Colorectal Cancer is one of the most common diseases in Australia. It is the most reported cancer in Australia and responsible for around 13% of all cancer deaths. Every year in Australia around 12500 people develop colorectal cancer with nearly 5000 patients dying of the condition. 1 in every 21 people will develop colorectal cancer during their lifetime, with the risk increasing substantially after the age of 40. It is a condition that has a good prognosis, with a good chance of cure, if detected in the early stages. If detected later, or once the cancer has spread, the outlook may not be so good and cure may not be possible. Colorectal Cancer is treated principally with surgery.
The cause is not 100% certain, however it is generally agreed that colorectal cancer develops from polyps in the bowel. Environmental and inherited factors are both implicated in the cause. Diets high in fat, smoking, lack of physical exercise, obesity, excessive alcohol intake and charring of red meat have all been shown to increase the risk of colorectal cancer. In contrast diets high in fibre, vegetables and fruit have been shown to decrease the risk of cancer developing. The effects of vitamins and minerals may be important but has not been proven yet.
Polyps are benign growths occurring on the inner lining of the bowel wall. They can potentially grow in size and turn into bowel cancer. It is thought that their rate of transformation to cancer is slow, over many years. Because they can turn into cancer bowel polyps should be removed and this is a very important aspect of cancer prevention in the community. Removal is usually performed during a colonoscopy, however occasionally surgery may be required.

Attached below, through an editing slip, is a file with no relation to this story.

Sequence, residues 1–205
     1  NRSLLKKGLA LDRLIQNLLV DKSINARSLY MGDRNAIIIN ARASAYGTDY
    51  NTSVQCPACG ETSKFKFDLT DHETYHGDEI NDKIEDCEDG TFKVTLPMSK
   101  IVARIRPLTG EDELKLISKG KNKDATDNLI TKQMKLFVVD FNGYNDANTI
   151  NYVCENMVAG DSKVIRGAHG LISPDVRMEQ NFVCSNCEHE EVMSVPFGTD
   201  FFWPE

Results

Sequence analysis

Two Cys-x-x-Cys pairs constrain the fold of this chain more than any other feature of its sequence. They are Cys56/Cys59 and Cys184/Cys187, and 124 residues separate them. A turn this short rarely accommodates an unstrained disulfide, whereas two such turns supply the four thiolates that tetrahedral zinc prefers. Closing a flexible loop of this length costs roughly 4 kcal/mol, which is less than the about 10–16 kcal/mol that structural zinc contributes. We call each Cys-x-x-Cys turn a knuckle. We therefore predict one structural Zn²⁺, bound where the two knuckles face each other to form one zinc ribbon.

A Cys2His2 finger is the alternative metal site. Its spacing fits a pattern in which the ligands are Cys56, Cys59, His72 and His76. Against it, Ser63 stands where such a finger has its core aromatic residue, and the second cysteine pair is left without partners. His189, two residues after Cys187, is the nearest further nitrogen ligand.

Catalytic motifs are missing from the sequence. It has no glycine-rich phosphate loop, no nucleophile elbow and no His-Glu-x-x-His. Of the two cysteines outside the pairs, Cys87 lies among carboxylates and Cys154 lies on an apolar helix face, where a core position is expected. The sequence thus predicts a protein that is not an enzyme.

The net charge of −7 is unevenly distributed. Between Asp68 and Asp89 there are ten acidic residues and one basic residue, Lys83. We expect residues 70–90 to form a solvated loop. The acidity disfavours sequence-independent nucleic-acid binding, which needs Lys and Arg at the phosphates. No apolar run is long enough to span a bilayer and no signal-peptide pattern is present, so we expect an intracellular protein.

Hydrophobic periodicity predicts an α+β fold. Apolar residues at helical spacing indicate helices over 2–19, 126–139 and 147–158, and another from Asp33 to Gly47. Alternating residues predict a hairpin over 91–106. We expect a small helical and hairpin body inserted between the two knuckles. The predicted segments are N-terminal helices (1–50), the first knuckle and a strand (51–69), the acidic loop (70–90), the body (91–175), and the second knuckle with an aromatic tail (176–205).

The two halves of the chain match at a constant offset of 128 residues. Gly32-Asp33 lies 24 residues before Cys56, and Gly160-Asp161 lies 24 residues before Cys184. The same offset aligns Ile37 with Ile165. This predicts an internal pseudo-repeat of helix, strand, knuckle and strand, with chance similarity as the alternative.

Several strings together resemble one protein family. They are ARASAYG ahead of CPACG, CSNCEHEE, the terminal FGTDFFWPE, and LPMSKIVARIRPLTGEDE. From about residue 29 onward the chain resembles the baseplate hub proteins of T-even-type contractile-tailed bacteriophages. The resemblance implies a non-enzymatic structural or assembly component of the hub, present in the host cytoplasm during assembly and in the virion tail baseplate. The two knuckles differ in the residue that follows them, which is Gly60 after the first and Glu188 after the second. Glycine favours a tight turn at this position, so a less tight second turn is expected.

Bowel Cancer Symptoms
It is important to realise bowel cancer can occur without symptoms and for this reason regular screening is necessary. The most common symptoms seen in bowel cancer are rectal bleeding, or a change in bowel habit (diarrhoea or constipation). Anaemia (a low blood count) is another relatively common presentation. Pain and weight loss are usually late symptoms as is a bowel obstruction or blockage.
Currently the second phase of the National Bowel Cancer Screening Program is being undertaken. Testing is by way of a simple test looking for blood in the stool. There is still no complete population based screening program. It is generally recommended that testing should begin in the late 30’s to early 40’s or potentially earlier in the case of a family history. Testing can be by way of a stool blood test, however a more thorough method is through colonoscopy which can both evaluate the entire colon and potentially remove polyps which may turn into cancer.
National Bowel Cancer Screening Program
Click here to view the National bowel cancer screening program.
Colorectal cancer is generally treated with surgery. Surgery may be performed laparoscopically (keyhole surgery) in appropriate instances. In addition to surgery chemotherapy or radiotherapy may also be used. In less than 5% of cases patients may require a stoma, or bag, where the bowel is brought out onto the skin surface. This may be permanent or temporary depending on the location of the cancer and the type of operation performed.
Please click here for more information on bowel cancer